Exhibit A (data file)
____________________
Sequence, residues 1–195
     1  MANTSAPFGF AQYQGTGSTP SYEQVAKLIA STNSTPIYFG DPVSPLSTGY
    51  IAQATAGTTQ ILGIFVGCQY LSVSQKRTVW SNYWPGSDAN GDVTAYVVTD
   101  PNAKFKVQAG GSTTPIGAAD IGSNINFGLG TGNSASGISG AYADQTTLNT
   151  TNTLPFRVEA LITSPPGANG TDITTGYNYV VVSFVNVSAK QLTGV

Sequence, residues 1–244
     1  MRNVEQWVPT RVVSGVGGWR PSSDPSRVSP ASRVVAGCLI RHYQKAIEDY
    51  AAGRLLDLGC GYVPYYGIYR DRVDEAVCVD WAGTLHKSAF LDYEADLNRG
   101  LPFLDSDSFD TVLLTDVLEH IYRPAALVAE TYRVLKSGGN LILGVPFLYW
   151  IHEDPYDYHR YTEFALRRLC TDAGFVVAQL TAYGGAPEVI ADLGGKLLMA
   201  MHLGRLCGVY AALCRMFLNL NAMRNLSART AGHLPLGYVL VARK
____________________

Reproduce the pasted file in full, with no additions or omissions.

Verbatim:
Sequence, residues 1–195
     1  MANTSAPFGF AQYQGTGSTP SYEQVAKLIA STNSTPIYFG DPVSPLSTGY
    51  IAQATAGTTQ ILGIFVGCQY LSVSQKRTVW SNYWPGSDAN GDVTAYVVTD
   101  PNAKFKVQAG GSTTPIGAAD IGSNINFGLG TGNSASGISG AYADQTTLNT
   151  TNTLPFRVEA LITSPPGANG TDITTGYNYV VVSFVNVSAK QLTGV

Sequence, residues 1–244
     1  MRNVEQWVPT RVVSGVGGWR PSSDPSRVSP ASRVVAGCLI RHYQKAIEDY
    51  AAGRLLDLGC GYVPYYGIYR DRVDEAVCVD WAGTLHKSAF LDYEADLNRG
   101  LPFLDSDSFD TVLLTDVLEH IYRPAALVAE TYRVLKSGGN LILGVPFLYW
   151  IHEDPYDYHR YTEFALRRLC TDAGFVVAQL TAYGGAPEVI ADLGGKLLMA
   201  MHLGRLCGVY AALCRMFLNL NAMRNLSART AGHLPLGYVL VARK